Published by: Fordham University Press

Debates in Continental Philosophy

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pp. xi-xii

The present volume brings together twenty-one dialogues which I conducted over recent years in the area of Continental thought. Part 1 features previously unpublished exchanges, ranging from the conversation with Georges Dumezil, one of the founding fathers of . . .

Part 1: Recent Debates

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p. 1-1

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Terror, Religion, and the New Politics

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pp. 3-14

RK: In the interview with Dominique Janicaud (Heidegger en France [Heidegger in France]), you talk about deconstruction as being a preference for discontinuity over continuity, for . . .

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The Hermeneutics of Revelation

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pp. 15-32

RK: They are many similarities between your work, Jean-Luc, and mine: Both of us owe a great deal of our philosophical formation to the phenomenologies of Husserl and Heidegger; we have both . . .

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On Narrative Imagination

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pp. 33-52

RK: You have written much about the power of narrative to provide people with a sense of identity and cohesion. You have also written much about the fact that human existence is always in quest of . . .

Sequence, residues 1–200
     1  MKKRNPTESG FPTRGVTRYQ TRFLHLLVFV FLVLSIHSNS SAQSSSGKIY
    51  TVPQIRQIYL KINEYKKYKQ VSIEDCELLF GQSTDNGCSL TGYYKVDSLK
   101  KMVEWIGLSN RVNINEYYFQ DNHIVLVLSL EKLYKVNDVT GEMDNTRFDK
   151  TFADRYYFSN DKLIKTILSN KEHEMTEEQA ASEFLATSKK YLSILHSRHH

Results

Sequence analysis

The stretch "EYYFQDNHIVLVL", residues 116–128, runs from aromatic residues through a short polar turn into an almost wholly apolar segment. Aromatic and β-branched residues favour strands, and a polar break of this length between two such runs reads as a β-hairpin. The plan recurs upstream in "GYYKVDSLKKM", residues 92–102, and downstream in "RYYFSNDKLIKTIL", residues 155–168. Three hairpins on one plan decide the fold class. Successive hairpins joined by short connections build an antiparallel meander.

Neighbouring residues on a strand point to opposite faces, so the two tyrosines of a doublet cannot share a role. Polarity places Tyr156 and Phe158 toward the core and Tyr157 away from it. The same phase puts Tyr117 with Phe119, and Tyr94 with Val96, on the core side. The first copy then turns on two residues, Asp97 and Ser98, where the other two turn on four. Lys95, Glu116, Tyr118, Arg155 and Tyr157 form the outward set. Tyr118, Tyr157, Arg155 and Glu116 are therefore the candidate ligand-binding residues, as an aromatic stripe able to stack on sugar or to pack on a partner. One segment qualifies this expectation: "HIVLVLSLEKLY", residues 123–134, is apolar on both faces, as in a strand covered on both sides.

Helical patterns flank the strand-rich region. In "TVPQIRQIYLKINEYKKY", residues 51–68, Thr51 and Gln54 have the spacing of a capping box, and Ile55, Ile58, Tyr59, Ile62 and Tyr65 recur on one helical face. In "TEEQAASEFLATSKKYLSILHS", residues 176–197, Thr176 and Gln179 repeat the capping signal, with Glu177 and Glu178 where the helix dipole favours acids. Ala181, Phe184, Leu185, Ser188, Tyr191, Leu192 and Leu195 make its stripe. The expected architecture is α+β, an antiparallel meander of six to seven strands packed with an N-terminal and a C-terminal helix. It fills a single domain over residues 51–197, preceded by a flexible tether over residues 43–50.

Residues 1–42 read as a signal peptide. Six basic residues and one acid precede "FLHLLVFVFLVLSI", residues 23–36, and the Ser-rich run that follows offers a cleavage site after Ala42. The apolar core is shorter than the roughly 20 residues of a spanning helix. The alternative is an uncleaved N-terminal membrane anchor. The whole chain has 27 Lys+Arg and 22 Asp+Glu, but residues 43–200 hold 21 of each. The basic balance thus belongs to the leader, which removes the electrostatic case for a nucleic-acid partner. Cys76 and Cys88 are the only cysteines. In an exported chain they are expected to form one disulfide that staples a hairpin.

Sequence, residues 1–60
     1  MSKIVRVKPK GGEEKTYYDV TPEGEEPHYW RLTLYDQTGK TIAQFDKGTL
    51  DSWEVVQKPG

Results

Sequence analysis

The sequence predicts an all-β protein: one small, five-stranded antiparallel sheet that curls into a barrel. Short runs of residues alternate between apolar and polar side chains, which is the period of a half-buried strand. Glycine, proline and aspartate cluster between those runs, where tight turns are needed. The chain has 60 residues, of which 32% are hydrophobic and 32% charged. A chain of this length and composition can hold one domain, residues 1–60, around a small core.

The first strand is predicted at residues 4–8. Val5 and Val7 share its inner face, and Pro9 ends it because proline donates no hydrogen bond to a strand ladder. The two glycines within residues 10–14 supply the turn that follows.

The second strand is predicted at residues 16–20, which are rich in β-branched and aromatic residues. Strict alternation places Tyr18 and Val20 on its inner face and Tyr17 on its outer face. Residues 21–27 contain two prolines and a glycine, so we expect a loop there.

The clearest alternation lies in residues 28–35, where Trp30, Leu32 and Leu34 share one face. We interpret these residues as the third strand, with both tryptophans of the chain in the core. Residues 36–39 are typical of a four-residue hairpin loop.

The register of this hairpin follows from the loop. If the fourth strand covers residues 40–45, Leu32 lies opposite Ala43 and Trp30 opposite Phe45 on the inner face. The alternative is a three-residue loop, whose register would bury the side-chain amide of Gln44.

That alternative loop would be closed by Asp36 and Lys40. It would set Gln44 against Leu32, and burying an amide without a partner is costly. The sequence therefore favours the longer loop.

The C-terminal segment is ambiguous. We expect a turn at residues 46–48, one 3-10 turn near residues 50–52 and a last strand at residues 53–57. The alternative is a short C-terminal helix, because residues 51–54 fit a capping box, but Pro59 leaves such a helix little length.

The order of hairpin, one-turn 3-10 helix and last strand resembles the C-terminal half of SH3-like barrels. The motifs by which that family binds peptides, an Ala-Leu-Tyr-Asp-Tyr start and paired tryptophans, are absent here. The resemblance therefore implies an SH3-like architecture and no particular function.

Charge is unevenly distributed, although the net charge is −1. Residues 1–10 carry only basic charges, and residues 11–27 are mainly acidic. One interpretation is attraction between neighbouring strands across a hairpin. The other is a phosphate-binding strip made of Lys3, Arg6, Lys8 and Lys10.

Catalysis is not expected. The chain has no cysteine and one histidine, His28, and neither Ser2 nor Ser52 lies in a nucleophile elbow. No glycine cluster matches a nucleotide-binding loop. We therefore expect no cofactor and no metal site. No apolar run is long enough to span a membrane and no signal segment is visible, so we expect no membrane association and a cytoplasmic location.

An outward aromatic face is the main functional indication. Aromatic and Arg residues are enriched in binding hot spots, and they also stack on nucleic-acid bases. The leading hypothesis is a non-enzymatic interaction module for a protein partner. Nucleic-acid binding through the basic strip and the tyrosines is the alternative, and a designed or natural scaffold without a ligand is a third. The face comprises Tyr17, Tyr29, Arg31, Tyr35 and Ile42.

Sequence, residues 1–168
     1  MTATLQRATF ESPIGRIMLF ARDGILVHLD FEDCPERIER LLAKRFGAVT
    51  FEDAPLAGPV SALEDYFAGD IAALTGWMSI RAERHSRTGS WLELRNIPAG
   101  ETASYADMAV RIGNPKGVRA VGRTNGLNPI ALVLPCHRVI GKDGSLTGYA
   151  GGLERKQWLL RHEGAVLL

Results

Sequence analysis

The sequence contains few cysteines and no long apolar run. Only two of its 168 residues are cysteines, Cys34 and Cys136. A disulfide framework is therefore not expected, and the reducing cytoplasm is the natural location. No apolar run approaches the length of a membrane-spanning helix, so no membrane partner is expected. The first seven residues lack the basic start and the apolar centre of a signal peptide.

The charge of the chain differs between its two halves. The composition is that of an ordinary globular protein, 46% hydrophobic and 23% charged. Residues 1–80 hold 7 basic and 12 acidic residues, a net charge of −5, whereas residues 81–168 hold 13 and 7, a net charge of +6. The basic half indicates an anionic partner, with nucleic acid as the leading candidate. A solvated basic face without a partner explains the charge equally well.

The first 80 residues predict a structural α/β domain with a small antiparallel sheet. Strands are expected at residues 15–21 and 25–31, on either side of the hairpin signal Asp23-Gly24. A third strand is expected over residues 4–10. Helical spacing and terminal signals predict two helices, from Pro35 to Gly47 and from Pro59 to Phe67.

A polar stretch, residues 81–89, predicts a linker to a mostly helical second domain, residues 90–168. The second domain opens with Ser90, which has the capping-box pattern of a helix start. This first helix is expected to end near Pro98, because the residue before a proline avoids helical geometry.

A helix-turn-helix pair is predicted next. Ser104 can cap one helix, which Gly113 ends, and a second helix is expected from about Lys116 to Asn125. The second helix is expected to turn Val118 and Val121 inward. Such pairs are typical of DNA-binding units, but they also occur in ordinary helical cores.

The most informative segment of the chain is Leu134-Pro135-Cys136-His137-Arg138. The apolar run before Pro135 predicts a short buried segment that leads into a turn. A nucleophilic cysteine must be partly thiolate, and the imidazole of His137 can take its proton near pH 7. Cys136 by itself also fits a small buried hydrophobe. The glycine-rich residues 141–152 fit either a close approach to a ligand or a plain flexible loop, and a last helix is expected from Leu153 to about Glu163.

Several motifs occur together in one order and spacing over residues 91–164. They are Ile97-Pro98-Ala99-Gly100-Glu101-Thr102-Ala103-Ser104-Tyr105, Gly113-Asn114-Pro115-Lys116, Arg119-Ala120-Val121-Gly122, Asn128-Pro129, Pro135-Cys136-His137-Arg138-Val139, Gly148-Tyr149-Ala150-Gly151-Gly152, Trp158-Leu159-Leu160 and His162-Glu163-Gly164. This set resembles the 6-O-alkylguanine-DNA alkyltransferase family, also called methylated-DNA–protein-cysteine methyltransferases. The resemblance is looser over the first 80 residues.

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Myth, Ideology, Sovereignty

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pp. 53-61

RK: There is still some debate as to how exactly your work should be situated and classified. Is it primarily philosophical, sociological, anthropological, theological, or linguistic? After your early research, . . .

Part 2: The Phenomenological Heritage, 1984

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p. 63-63

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Ethics of the Infinite

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pp. 65-84

RK: Perhaps you could retrace your philosophical itinerary by identifying some of the major influences on your thought?
EL: Apart from the great masters of the history of philosophy,........, in particular Plato, Descartes, and Kant,........,the first contemporary . . .

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The Philosophy of Art and Politics

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pp. 85-98

RK: As a Marxist thinker of international renown and inspirational mentor of student revolutions in both the United States and Europe in the sixties, you have puzzled many by the turn to primarily . . .

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The Poetics of Language and Myth